When Victorino is up he'll take over RF, Sizemore will take over CF, and the Nava/Gomes platoon will be much more consistently utilized in LF.  At that point do you really want a 23 year old Jackie Bradley playing 5th OF once a week caddie to Vic and Grady or getting daily PAs in AAA?
 
Also, I'll reiterate that looking at Carp as a part of the OF mix to me misses the point of him being here.  He's here because it's basically impossible to find a cheap bat of his quality mid-season and if Nava, Napoli, or Ortiz gets hurt this lineup could look a lot thinner without Mike Carp.
 

Savin Hillbilly

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Eddie Jurak said:
I think we saw an example last night of why Bradley will ultimately stick in CF (though likely not this year). In the second inning, Wieters hit a liner to the gap in RCF that Bradley made a routine looking running catch on.  But he was playing Wieters shaded towards LCF and the play looked "routine" only because Bradley got a tremendous jump on the ball.  Otherwise it is probably a gap double.
 
And we also saw the value of a good arm in CF on that play where he almost nabbed Davis heading into second on a throw from the warning track. The throw was a little off line, but if it had been on target the play would have been very close. None of our recent starting CFs, from Damon on, would have been able to make anything resembling a play out of that situation.
 

KillerBs

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Eddie Jurak said:
I think we saw an example last night of why Bradley will ultimately stick in CF (though likely not this year). In the second inning, Wieters hit a liner to the gap in RCF that Bradley made a routine looking running catch on.  But he was playing Wieters shaded towards LCF and the play looked "routine" only because Bradley got a tremendous jump on the ball.  Otherwise it is probably a gap double. 
 
 
 
True, it was not so much that he made the catch, but the way he did. IMO, if Bradley is the A/A+ defensive CF he appears to be, he has to be the future (if not present) in CF.
 
Interesting to see that Bradley was given the start vs the LHPer, and nice to see he responded with a couple knocks, tho granted one was a bleeder.
 
I am anxious to see Sizemore's range tested in CF, which I do not think has happened yet in the reg. season. Paraphrasing, the Speier piece noted in passing that Sizemore still had average, to perhaps above average, speed which I suppose gives him a chance to still be an average to perhaps  above average defensive CF, but that remains to be seen.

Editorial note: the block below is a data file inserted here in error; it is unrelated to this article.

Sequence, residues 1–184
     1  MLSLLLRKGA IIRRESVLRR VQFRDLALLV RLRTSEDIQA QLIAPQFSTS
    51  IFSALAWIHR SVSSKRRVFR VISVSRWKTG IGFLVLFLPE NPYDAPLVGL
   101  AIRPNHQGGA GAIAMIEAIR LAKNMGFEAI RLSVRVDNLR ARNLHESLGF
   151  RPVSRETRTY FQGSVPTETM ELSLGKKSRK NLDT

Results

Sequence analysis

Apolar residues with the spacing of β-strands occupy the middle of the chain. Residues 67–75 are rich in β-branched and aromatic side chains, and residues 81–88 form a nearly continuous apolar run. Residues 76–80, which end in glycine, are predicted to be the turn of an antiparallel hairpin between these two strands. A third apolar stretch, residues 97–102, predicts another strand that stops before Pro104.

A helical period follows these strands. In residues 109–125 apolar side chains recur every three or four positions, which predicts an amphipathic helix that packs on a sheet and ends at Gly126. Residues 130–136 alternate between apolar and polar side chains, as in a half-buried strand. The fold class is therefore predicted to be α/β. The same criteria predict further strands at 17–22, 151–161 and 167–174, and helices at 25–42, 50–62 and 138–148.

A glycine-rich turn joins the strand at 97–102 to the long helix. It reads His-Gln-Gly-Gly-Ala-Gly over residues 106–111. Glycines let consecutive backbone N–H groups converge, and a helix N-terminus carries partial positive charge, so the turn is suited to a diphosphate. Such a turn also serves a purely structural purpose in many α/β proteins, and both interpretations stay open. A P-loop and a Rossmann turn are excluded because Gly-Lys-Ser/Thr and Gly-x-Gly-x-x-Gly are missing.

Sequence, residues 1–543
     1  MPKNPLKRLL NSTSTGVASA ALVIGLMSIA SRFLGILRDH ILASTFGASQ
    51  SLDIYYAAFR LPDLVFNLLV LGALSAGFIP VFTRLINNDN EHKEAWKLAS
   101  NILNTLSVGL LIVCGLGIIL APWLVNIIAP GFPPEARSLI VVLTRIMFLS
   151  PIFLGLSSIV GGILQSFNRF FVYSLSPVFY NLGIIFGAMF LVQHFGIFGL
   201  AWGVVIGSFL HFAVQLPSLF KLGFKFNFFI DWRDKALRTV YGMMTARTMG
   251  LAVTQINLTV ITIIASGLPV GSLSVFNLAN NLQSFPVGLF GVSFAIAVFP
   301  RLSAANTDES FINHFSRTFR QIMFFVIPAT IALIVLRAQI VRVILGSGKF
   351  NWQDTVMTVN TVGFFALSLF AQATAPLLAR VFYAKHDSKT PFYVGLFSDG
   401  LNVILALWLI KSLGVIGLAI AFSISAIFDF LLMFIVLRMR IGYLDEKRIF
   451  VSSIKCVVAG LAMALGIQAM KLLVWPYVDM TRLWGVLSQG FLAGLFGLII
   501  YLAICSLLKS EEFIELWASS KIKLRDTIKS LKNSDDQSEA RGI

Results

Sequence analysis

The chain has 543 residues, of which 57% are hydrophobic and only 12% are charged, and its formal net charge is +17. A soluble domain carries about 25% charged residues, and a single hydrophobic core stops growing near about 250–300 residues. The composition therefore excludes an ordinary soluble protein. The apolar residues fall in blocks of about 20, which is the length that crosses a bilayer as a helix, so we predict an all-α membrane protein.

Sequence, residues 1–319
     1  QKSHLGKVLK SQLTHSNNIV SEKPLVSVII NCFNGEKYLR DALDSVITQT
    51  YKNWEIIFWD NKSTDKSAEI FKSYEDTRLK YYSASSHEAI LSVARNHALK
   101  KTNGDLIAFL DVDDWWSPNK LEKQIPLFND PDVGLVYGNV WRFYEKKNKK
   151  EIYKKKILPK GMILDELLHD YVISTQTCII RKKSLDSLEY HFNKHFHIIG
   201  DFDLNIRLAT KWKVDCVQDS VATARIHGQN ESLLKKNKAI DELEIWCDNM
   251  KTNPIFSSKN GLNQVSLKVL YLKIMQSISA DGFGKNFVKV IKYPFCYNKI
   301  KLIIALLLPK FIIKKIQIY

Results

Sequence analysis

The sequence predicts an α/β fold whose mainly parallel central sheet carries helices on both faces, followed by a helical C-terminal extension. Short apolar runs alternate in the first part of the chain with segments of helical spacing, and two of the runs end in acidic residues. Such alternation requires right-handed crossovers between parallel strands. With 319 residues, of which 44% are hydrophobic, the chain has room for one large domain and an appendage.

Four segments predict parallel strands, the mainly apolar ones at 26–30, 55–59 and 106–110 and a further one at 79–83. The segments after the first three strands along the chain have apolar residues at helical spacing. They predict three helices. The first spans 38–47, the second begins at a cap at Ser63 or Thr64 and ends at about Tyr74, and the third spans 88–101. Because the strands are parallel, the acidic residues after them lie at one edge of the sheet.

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KillerBs said:
 
 
Interesting to see that Bradley was given the start vs the LHPer, and nice to see he responded with a couple knocks, tho granted one was a bleeder.
 
 
 
It's worth noting that Bradley's big scary platoon split only really showed up in a fairly small MLB sample (33 PA) last year, which isn't really enough to draw any conclusions from. After all, right now he has a reverse split to the tune of 1.000 points of OPS in his 5 PA.  :c070:
 
The longer term picture suggests a small split. In 2011 he only had a dozen PA against lefties, but he sucked. In 2012, he only lost 15 points of OPS against lefties, notching a .900 OPS in 156 PA. 2013 (AAA) he showed a more meaningful split in 150 PA (.839 OPS against RHP, only .682 against LHP). He still had a .349 OBP against lefties in AAA; basically the whole difference was SLG. 
 
I don't think we should be surprised if he shows a more normal platoon split going forward. 
 

KillerBs

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Another good/great day at the plate for Grady but color me unimpressed with his defensive work on the Aramis Ramirez fly ball that dropped in front of him in the 9th.